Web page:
Has joy any survival value in the operations of evolution? I suspect that it does. I suspect that the morose and fearful are doomed too quick extinction. Where there is no joy there can be no courage; and without courage all other virtues are useless. Therefore, the frogs, the toads, keep on singing even though we know, if they don’t, that the sound of their uproar must surely be luring all the snakes and ringtail cats and kit foxes and coyotes and great horned owls toward the scene of their happiness.” Edward Abbey, Desert Solitaire

I’ll continue singing semi-privately for the peace of my neighbors and the good of humanity. We have to accept our limitations because you can’t roller-skate in a buffalo herd.

P.S. As I played this song, Teddy let me know he LOVES it.

P.P.S. The featured photo is the late, great, Jazz Beau’s Rent Party [my friends Lois Maxwell, vocals, Michael Dunn acoustic guitar (rear right facing), Dan Davidson (bass) and Erik Nelson on guitar 😦 ]

“Damned kids!!”

Sometimes when I start up my car the music is so loud that I have to yell, “Damned kids!!!”

But it’s just me. There are no kids.

Some songs — by their nature — need to be listened to at full blast. “Paranoid” by Black Sabbath. “Born to Be Wild” by Steppenwolf. ” “Anarchy in the UK” by the Sex Pistols (or anything else by the Sex Pistols, but “Holidays in the Sun” I find makes me so happy that I might endanger my car’s speakers). Anything by the Ramones or Dead Kennedys. Iggy Pop’s “Lust for Life.” “Master of Puppets” by Metallica. My list of loud songs is long and spans decades. And I sing along which adds a dimension of volume and horror you don’t want to imagine.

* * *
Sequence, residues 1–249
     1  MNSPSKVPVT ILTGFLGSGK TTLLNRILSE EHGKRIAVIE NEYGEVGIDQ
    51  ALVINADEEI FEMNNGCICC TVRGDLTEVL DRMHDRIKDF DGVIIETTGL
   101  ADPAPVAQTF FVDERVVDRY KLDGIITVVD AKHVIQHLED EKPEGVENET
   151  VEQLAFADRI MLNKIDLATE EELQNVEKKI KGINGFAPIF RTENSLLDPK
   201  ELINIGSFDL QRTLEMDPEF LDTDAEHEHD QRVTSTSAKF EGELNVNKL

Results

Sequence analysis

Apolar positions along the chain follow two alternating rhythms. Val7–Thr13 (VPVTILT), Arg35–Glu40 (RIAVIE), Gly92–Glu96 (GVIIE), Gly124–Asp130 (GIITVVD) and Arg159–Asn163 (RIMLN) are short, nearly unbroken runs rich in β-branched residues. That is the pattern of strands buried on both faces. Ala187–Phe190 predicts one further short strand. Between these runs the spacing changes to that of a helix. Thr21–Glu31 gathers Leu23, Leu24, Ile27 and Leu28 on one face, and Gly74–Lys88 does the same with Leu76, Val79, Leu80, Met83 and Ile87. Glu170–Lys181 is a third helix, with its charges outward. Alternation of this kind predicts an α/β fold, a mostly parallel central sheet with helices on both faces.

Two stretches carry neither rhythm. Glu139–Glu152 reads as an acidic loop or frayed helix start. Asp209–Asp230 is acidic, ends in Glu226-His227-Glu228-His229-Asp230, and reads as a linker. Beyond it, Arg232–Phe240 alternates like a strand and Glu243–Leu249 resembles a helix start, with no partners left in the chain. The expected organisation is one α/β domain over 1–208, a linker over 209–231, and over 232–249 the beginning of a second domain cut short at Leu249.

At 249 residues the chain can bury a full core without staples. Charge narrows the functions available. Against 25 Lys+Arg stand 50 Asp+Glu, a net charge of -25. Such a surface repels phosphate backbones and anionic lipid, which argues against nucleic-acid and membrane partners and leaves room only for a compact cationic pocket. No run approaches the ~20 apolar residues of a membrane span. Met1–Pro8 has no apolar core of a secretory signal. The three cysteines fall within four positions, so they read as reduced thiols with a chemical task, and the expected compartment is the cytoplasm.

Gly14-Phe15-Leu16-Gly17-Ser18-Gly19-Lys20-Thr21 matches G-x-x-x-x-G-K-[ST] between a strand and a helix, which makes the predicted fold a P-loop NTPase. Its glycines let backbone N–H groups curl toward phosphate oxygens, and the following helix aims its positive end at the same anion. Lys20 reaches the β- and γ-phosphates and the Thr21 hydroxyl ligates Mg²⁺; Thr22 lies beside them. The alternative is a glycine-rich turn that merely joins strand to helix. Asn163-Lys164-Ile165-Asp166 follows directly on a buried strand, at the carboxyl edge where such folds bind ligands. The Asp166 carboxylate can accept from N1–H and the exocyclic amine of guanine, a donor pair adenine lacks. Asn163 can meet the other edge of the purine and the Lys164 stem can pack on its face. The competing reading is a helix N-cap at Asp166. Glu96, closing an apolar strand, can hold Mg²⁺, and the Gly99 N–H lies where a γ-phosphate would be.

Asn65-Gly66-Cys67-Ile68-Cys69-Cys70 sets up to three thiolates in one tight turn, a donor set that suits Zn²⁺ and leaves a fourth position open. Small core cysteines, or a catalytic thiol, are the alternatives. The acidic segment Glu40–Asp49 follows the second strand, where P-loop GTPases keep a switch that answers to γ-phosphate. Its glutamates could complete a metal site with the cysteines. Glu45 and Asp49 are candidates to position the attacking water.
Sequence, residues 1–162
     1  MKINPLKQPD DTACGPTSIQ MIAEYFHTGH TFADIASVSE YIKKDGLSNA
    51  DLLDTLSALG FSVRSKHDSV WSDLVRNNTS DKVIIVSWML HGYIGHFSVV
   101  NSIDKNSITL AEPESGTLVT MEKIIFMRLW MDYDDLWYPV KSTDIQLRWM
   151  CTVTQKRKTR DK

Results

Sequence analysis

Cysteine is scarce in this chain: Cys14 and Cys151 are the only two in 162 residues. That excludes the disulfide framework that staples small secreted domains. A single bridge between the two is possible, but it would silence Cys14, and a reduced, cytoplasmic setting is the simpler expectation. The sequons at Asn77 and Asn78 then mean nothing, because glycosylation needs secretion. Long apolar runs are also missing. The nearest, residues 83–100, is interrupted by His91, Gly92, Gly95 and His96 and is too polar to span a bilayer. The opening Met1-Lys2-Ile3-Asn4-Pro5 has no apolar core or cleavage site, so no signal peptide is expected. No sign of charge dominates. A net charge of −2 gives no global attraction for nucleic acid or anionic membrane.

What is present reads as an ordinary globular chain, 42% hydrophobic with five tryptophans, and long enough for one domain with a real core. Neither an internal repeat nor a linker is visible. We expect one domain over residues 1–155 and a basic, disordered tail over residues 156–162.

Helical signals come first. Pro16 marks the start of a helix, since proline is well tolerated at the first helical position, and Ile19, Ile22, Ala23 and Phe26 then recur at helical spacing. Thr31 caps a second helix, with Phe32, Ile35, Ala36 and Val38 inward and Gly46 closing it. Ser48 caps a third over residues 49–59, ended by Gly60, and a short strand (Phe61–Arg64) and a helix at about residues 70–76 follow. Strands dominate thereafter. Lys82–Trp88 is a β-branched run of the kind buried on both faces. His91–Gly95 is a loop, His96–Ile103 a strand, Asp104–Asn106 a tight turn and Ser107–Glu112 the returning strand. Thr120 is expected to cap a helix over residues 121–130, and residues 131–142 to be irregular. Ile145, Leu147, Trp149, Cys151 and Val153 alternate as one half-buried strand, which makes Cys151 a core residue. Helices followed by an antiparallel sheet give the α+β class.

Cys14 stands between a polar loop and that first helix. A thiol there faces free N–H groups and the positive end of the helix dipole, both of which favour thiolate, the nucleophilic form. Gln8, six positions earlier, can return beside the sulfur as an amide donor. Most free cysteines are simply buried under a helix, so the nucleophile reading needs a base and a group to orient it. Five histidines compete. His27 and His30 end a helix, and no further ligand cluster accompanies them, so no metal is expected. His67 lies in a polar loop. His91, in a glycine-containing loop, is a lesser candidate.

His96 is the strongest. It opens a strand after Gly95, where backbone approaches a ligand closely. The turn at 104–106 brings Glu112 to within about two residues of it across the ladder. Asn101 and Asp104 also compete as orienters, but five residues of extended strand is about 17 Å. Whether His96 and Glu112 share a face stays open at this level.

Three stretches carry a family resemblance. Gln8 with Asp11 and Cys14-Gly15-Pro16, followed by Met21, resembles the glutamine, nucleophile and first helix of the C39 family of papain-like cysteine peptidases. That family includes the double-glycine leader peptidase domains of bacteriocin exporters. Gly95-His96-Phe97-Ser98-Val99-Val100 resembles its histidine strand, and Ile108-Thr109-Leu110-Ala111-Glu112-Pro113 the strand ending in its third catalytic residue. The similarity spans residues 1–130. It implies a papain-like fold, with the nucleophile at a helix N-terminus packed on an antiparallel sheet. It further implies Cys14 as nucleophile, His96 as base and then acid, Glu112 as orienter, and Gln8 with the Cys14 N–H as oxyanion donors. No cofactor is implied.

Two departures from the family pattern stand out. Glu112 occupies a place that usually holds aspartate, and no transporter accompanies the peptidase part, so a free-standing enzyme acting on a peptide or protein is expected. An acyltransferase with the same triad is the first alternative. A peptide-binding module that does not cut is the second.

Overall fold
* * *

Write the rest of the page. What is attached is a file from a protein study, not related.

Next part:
I’ve been married a few times. My first husband — whom I married when I was 20 — and I didn’t get along very well. We couldn’t communicate with each other, a combination of not knowing how and not knowing why. One day I came home to find he’d thrown all my Steppenwolf albums in the dumpster. “There’s more to life,” he said, “than a 20 minute drum solo.”

“Yeah? Well, what, for example?” He had no answer and I dug out my albums, but the nails were being rapidly pounded into the coffin of a very bad marriage.

It’s an interesting (true) fact that I paid for my divorce from him with my collection of Rolling Stones albums which was, apparently, staggeringly good. The lawyer who represented me in my divorce was the assistant dean of the University of Denver College of Law. I got that as a bonus for working there, I guess.

You might be thinking this loud music made it hard for me and my various spouses to talk to each other but that wasn’t the case. This is a CAR thing. I drove on bad brakes for months without knowing it because the music was so loud I didn’t hear them squealing.